In 2011, photographer Mustafah Abdulaziz took on the challenge to photograph what water means to our world, how it influences our cultures and the different ways it is used.
In what he now foresees as a 15-year long project, Mustafah plans to visit 32 countries to uncover people’s attitudes towards water. It is a hugely ambitious undertaking not only in timing and travel, but also in the way the photographer has to push himself to tell such a complex story.
Up until now Mustafah has visited eight countries, ranging from India, Sierra Leone and Nigeria to China and the US – all with a different relationship to water. Whereas in India he portrays the polluted Ganges river, in California he shows the effects of heavy droughts on the landscape.
With each visit, he shows how water is immersed in every aspect of life; it moves beyond culture, religion and location – but in some respects its meaning is inherently shaped by those same elements.
“Water pervades our existence in every facet, not only in the obvious and superficial understanding of how much our bodies are composed of water, or how much water we need to drink and survive, but in the more relevant and defining characteristics of water,” Mustafah says.
“Water is the landscape of our common story; our ancestors crossed waters to reach new horizons. It is the resource we flush into the ground to frack for natural gas, and is thus poisoned in the process, sickened by our thirst for finite fossil fuels. Oceans, seas and rivers are the locations where some of our greatest cities and civilizations have sprung. The animals we share this planet with exist in water’s depths and on its surfaces.
“It even reflects our attitude towards other resources; it shows our willingness to destroy our wealth in the longer term so we can have quick returns short term. It is present in our art, in our paintings and our spiritual stories that date back millions of years. It is fundamentally the most critical resource to our continued existence and a great reflector upon which our behavior, our strengths and our weaknesses are defined.”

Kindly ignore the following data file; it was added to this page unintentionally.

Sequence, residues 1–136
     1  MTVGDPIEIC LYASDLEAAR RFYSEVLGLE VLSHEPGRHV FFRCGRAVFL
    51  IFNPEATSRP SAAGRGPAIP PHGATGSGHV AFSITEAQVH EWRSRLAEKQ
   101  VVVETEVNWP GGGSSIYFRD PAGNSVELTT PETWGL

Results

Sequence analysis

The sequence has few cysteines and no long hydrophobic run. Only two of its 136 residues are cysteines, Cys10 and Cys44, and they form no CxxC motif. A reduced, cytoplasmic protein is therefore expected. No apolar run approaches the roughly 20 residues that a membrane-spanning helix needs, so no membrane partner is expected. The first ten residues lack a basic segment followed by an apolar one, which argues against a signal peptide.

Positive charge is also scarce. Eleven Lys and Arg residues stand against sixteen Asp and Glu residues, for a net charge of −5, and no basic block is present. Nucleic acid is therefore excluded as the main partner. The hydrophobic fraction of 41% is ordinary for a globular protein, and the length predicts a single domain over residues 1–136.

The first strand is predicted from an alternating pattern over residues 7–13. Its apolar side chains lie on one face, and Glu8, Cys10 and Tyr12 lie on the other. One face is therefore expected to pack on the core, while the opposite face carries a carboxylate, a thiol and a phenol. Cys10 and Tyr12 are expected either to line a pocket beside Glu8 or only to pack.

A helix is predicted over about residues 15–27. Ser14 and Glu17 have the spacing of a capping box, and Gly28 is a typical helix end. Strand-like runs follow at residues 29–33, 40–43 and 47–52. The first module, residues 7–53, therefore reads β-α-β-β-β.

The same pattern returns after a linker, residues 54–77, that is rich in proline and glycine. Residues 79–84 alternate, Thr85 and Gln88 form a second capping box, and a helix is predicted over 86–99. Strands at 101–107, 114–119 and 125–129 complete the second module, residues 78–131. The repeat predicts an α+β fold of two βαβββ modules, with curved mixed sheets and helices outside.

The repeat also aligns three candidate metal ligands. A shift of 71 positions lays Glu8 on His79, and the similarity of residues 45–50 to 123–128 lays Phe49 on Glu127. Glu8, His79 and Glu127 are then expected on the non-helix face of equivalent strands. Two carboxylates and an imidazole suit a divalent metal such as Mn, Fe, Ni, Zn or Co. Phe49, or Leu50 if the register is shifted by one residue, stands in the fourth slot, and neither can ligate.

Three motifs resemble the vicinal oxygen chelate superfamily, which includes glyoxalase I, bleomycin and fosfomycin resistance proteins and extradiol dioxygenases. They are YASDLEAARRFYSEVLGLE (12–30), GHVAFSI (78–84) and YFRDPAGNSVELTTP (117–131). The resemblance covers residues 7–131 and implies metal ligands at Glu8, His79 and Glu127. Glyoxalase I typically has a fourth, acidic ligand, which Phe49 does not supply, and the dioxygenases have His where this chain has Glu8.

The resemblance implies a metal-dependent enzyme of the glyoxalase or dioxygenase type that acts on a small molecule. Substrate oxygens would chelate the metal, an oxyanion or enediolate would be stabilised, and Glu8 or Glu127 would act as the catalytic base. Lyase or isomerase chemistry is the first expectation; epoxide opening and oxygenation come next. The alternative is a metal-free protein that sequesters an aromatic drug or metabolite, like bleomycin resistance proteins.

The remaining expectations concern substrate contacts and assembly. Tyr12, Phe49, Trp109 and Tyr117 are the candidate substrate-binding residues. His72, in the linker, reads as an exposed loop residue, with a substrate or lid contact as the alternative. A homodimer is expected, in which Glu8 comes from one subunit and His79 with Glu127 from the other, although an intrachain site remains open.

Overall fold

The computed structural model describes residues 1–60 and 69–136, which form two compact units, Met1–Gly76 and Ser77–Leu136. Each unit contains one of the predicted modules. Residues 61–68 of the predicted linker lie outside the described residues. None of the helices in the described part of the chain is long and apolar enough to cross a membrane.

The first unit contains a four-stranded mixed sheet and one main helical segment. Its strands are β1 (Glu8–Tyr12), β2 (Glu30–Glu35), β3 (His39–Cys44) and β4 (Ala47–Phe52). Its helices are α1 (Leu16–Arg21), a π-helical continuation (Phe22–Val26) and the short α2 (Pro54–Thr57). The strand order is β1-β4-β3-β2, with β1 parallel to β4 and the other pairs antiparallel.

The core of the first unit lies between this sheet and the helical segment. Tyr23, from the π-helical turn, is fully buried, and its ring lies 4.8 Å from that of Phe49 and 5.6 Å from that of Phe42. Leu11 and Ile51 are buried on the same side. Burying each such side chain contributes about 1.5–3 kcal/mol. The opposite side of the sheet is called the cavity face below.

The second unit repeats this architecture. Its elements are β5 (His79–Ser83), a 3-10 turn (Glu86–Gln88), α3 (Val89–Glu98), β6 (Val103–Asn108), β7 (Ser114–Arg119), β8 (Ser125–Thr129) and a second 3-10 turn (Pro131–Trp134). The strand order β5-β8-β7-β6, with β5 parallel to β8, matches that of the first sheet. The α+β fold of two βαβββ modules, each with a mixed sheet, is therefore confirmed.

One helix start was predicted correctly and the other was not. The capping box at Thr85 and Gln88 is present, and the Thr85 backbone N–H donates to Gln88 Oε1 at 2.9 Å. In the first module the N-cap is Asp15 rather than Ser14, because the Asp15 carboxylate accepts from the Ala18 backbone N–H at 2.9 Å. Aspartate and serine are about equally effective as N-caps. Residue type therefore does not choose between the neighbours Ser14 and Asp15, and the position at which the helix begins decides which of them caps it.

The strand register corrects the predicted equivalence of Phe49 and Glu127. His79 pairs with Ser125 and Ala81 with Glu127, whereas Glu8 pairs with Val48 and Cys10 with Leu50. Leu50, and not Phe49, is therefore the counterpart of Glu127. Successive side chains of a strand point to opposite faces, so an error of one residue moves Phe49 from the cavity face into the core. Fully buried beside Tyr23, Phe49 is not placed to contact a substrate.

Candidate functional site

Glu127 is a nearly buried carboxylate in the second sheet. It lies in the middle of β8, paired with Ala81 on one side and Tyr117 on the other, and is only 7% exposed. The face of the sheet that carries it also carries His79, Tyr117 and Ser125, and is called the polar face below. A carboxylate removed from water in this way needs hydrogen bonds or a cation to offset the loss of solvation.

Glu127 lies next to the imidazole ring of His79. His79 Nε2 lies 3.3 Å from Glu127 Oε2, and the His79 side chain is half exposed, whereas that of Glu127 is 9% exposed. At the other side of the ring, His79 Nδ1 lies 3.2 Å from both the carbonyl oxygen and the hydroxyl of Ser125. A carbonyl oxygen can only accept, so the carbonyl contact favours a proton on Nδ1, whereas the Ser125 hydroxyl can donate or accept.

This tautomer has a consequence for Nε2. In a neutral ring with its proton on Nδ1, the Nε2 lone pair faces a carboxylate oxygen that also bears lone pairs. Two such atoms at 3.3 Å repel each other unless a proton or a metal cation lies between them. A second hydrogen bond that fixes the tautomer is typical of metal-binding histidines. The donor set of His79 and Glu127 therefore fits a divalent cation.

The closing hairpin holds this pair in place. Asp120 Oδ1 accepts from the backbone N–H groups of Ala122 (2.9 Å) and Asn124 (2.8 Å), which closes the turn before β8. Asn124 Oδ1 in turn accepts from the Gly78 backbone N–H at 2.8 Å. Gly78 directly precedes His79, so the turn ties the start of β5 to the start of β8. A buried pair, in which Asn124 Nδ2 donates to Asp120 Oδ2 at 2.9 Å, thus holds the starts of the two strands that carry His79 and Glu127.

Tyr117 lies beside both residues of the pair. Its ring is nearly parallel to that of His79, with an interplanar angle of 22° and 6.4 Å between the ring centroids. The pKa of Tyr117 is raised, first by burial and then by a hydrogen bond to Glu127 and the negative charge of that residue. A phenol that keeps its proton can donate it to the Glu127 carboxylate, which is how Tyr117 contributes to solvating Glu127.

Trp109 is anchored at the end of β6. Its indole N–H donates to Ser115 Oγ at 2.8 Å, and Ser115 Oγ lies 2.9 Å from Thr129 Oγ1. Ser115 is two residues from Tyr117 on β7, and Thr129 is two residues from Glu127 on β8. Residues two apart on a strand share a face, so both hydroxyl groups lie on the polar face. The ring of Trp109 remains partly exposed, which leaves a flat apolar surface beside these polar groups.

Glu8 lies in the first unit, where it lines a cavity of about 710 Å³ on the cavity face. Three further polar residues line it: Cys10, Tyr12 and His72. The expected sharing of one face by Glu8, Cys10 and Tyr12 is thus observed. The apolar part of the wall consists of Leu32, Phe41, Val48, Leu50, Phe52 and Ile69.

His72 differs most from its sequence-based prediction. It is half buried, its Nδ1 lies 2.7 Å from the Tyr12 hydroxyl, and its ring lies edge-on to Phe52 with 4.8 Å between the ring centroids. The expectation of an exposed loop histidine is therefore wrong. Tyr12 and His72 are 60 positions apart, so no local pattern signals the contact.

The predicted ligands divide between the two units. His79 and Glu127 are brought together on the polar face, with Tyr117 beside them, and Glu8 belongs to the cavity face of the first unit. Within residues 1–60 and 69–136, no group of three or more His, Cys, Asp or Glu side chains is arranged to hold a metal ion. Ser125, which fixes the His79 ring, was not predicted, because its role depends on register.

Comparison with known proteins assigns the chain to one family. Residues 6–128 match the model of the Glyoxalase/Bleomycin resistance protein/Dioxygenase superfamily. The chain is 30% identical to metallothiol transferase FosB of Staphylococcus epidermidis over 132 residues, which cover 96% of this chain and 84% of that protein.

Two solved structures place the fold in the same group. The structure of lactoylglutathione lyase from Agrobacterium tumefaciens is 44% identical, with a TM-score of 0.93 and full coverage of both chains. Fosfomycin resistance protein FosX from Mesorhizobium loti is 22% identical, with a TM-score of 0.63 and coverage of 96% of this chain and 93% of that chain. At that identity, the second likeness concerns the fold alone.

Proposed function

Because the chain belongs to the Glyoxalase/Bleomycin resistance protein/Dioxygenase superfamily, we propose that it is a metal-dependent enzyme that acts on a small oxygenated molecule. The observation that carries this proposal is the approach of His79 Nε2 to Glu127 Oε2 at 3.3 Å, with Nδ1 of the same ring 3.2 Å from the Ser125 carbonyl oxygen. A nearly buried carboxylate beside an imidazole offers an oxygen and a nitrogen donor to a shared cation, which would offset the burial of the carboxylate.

But the fact that water influences everything in our world also makes it difficult to build a cohesive story around it. Nevertheless, Mustafah wants to focus on the larger concept. “What interests me is the possibility of photography providing transcendence. It is not simply a medium of information, but to me it is a relativistic art form capable of elevating a viewer’s sense of existence, of connection to their natural world and their own mortality.”
He continues, “This is not a simple documentation of a modern crisis, or an observation of humanity in dissonance with Earth, but a truly humanistic portal into water and how it connects us to life itself.”
To reach this higher purpose, he feels he needs to be mindful of his own interpretations and intentions while photographing, so it doesn’t influence his imagery. “The conflict for me is to make something truly powerful and not, along the way, satisfy myself with mediocrity.”
In this sense, Water is not only an ambitious attempt to tell a wide story of one of our most important dependencies in the world – it also shows Mustafah’s great aspiration to move beyond his own beliefs and push his photography forward.